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China’s Marriage Slump and Its Shaky Housing Market Are Taking a Toll on the Economy

Ally Liu, 27, graduated from Beijing’s prestigious Peking University with bachelor’s and master’s degrees in finance, and now works at an investment firm. She said she’s exhausted from long hours at work.

“It’s embarrassing, but I’ll just say it,” she said in an interview from China’s capital. “I want to find a guy.” After a long pause, she added, “But it’s hard.”

China’s marriage rate steadily increased until hitting a peak in 2013, when 13.5 million marriages were recorded. By the end of that year, a precipitous decline began—one that continues. Last year the marriage rate hit half its 2013 level, at 6.8 million, according to China’s Ministry of Civil Affairs.

The factors complicating Liu’s romantic pursuits are manifold. Either she is drained of energy and pressed for time, or the potential suitor is. Her close relationship with her parents compels her to abide by one of their marriage demands: a spouse must own a home and ideally a car or other investments, or come from a rich family.

Both the causes and effects of the marriage falloff are being widely discussed in China. For one, the rising unemployment rate for the youth cohort has broken record after record each of the past few years.

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Joblessness for this group, aged 16 to 24, hit a record high of 21.3% in June. By comparison, the rate for the same age group in the U.S. was 7.5% in June, according to the U.S. Bureau of Labor Statistics.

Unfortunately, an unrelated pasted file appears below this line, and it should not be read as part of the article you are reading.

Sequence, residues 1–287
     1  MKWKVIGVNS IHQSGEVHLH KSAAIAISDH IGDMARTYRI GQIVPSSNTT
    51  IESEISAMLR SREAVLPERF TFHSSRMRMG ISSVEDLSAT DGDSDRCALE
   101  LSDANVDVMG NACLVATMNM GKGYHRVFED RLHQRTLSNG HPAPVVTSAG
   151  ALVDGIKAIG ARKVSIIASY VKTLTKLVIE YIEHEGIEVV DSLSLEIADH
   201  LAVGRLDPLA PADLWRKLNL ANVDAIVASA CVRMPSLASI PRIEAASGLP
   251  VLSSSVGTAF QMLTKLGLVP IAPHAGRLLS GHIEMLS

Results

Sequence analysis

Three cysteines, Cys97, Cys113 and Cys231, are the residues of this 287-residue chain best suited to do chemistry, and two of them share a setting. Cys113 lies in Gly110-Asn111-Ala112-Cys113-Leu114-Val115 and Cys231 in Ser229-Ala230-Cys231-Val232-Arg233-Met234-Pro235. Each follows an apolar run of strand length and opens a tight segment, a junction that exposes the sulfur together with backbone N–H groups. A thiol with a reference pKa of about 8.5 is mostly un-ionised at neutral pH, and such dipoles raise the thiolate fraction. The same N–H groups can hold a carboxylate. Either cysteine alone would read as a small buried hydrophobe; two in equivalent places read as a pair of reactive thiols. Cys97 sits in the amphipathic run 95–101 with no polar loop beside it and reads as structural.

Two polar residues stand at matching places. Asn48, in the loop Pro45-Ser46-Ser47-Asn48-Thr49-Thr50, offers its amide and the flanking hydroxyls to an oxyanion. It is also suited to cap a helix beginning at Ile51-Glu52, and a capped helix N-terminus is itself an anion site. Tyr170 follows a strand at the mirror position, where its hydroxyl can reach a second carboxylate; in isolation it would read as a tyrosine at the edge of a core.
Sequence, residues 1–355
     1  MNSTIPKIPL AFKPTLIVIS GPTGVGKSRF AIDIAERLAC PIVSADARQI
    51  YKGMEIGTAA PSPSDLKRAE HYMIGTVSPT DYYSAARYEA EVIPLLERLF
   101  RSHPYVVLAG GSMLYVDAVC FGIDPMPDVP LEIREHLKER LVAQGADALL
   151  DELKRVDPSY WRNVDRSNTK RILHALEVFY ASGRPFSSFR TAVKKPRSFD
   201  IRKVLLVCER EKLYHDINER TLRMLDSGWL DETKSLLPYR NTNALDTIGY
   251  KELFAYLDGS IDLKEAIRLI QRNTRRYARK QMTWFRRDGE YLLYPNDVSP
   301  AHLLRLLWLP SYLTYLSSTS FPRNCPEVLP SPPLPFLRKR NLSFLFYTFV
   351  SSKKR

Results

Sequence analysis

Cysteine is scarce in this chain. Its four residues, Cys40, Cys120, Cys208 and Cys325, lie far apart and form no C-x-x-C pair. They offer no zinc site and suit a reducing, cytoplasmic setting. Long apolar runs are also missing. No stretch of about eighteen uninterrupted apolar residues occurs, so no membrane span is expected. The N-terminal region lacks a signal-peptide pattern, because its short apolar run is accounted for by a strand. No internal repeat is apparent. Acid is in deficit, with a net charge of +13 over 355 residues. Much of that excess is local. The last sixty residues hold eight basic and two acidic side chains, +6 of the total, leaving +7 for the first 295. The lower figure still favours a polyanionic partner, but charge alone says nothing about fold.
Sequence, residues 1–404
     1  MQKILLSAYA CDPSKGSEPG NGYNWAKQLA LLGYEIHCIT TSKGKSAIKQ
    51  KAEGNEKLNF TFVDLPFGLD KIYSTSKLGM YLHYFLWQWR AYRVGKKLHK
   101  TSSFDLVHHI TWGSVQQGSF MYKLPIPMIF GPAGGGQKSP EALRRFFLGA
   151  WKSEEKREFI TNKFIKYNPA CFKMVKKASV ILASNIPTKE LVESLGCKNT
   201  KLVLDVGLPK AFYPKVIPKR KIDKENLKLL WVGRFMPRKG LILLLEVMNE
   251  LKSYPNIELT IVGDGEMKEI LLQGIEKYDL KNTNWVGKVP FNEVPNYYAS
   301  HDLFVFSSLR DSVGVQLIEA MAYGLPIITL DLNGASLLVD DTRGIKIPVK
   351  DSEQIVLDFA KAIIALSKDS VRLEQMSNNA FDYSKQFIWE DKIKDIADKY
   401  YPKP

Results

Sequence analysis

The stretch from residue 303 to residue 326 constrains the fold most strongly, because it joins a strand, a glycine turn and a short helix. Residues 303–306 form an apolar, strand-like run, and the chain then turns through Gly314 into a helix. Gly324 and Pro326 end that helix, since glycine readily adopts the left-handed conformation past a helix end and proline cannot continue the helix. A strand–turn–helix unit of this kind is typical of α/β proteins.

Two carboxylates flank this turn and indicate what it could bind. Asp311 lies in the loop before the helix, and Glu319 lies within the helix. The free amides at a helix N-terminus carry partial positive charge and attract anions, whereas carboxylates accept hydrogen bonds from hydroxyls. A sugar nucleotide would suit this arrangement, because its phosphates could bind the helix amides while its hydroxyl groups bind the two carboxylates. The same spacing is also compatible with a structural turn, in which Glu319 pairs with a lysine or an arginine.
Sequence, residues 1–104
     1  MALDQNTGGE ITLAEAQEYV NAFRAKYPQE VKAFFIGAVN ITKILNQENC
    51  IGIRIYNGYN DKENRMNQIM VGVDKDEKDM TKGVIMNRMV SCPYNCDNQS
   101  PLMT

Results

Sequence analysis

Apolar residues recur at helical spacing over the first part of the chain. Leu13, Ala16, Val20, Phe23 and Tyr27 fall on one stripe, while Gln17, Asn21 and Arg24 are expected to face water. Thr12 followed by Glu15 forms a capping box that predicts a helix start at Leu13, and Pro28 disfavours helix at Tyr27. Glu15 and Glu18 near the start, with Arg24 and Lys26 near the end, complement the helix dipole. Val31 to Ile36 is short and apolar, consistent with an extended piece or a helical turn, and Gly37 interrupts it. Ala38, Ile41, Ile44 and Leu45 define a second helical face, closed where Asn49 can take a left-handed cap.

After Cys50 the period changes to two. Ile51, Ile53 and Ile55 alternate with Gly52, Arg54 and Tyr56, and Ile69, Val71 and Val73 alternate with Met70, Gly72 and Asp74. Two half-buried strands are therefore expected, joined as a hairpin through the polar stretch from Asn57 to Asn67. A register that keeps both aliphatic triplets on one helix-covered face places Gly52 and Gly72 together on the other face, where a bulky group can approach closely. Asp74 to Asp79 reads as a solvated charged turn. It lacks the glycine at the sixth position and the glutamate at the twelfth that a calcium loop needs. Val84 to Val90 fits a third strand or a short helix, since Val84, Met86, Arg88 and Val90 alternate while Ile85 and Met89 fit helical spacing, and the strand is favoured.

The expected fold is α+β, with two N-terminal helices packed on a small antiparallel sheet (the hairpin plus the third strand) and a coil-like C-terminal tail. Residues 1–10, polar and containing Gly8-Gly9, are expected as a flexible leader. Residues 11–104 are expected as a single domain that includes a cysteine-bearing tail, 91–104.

But while China’s number frightens many who are on the cusp of graduation, it may in fact be much higher.

Last week, a professor at Peking University, wrote in a leading financial magazine that her calculations show the rate could be as high as 46.5%. The online article by Professor Zhang Dandan, which has since been deleted, argued that some 16 million non-students in this range are likely “lying flat”—a popular Chinese expression meaning to have given up efforts to work.

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This sky-high jobless rate has given companies that employ younger workers—most notoriously tech firms—extreme leverage over their employees. If one wants a job at all, he or she may be forced to work the “996” schedule—9 a.m. to 9 p.m., six days a week.

This leaves those who do choose the corporate life little time or energy for romantic pursuits. “No gym, no dates, no time for my own stuff,” said Lee Wang, a 30-year-old project manager at one of China’s leading gaming companies, which he asked not be named.

Amid these work conditions lies a vast property market that is both unstable and out of reach for an increasing number of Chinese. Many young men were caught up in the recent spate of defaults among China’s large developers, which left millions of already-purchased units unfinished, leaving the owners in limbo.

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A survey by university researchers taken just before the pandemic found that two-thirds of Chinese born after 1990 felt that owning a house was necessary for marriage.

The pressure for male suitors to own a property even has a phrase, the “mother-in-law economy”—meaning the requirement of the would-be bride’s mother that the future husband own a home.

A team of scholars from multiple Chinese business schools found that “the increasing price of houses, an important measure of marriage cost, has significantly reduced the marriage rate in China.”

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Using 20 years of data, they found that for every 1,000 yuan ($140) increase in property prices per square meter, the marriage rate falls by 0.3%. With housing prices in large Chinese cities rivaling those in the west, such price increases put significant dents in the marriage rate, according to the study.